(closing lines from Prologue).

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CARAVANS/WATERSHIP DOWN.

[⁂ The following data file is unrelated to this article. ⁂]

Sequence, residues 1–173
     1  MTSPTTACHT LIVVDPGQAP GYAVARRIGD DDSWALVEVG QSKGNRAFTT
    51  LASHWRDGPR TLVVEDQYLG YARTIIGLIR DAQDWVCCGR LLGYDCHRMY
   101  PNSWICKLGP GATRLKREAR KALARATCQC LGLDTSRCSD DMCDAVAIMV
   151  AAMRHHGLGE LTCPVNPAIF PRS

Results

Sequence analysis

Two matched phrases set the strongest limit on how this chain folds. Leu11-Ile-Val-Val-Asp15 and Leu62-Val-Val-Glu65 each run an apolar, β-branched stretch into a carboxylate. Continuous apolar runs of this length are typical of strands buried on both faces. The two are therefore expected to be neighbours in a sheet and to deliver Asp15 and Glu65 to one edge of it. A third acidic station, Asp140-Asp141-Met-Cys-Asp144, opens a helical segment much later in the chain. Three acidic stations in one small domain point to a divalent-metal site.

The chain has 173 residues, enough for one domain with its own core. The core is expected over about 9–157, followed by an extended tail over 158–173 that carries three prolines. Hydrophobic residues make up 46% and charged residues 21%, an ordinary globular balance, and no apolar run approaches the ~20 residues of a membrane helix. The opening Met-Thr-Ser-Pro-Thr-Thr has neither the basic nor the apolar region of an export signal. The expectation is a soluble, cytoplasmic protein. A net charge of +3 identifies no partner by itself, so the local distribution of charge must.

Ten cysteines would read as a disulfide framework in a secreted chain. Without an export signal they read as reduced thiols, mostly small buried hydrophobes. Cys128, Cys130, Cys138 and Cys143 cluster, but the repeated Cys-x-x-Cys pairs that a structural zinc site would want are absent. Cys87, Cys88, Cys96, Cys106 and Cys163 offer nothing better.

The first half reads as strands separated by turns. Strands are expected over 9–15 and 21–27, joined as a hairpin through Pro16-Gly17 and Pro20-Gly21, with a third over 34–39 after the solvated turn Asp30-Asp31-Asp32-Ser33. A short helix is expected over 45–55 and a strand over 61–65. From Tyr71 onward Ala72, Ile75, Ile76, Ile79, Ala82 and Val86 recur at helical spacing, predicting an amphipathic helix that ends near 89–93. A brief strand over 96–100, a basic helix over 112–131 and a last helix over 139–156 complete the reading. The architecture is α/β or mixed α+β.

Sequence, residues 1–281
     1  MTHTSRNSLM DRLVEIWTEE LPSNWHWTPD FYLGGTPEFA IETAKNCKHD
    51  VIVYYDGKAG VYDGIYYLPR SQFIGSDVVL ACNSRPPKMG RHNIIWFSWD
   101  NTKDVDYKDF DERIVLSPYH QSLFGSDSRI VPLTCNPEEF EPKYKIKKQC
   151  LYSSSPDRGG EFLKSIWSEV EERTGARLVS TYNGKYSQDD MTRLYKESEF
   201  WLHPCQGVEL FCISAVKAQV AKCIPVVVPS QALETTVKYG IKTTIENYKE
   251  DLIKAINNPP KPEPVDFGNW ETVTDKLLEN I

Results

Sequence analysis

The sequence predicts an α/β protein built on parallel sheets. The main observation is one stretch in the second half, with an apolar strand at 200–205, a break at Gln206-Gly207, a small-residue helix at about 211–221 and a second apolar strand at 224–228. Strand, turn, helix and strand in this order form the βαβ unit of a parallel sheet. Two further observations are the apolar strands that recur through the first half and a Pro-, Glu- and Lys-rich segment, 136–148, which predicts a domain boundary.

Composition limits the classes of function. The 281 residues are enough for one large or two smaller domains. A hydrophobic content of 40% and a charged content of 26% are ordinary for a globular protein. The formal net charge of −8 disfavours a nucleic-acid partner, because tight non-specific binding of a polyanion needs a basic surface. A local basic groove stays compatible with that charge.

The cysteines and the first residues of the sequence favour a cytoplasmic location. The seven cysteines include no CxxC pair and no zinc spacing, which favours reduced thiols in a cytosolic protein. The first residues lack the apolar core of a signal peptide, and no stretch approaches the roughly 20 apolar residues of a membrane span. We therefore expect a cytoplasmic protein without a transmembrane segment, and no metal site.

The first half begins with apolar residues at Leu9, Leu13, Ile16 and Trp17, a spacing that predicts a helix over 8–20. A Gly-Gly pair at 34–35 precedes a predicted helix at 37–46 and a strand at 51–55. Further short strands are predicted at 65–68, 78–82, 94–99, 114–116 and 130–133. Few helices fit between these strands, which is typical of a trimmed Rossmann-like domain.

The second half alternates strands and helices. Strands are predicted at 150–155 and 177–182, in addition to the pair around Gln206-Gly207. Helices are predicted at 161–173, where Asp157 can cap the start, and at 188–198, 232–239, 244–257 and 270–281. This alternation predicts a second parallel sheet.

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It’s a funny thing but one would never connect the soundtrack or title song from the movie FOOTLOOSE with composer Mike Batt not getting the assignment to score the movie WATERSHIP DOWN. However it was a chance remark from a record producer at CBS at the time to filmmaker Martin Rosen that dashed Batt,s hopes to write the symphonic score for the animated feature. Dan Loggins Brother of singer Kenny who provided the vocals on the FOOTLOOSE title song was present at the demo sessions which Batt had arranged with Rosen to demonstrate his ideas for the musical score, this was no ordinary demo the composer had in fact hired the LSO at his own expense to perform sections of his score for the movie. Rosen was apparently smitten with the music and happy with Batt until Loggins decided to relate to the filmmaker that “If you don’t like this music we have plenty of other composers available” (why would you do this) especially as you really know nothing about the art of film music. This chance remark cost Batt the assignment, yes ok he was given three songs to pen for the film but just one of those was kept in, the other two being discarded. But it is probably BRIGHT EYES as performed by Art Garfunkel that is one of the most if not the most enduring memory of the movie. The song which reached number one in the UK charts and sold ten million copies world wide I suppose established Batt even more than ever as a renowned lyricist and composer, but even this part of his work on the movie was removed several times and only re-instated just before the films premiere. Batt was disappointed at not scoring WATERSHIP DOWN so much so that he never used any of the music he had written for any other project, until thirty years later he was offered WATERSHIP DOWN the TV SERIES, this was his chance to resurrect his ideas and themes from the 1970,s and utilise them with new works to enhance this latest incarnation of the story by author Richard Adams. Batt has for this recording arranged many of the scores principal themes into a 45 minute suite. The music here is basically what the composer would have written for the original movie, it opens with The Overture WATERSHIP DOWN – THE BEGINNING, which a delightfully essentially English sounding piece for full orchestra (The Royal Philharmonic), it is proud, slightly ominous and brings forth a rousing, lush and moving arrangement of BRIGHT EYES for strings and brass both of which are underlined and supported by percussion. This is a gracious and suitably anthem like opening to the suite, which also contains solo performances on trumpet and sets the ambience and mood for the remainder of the suite perfectly.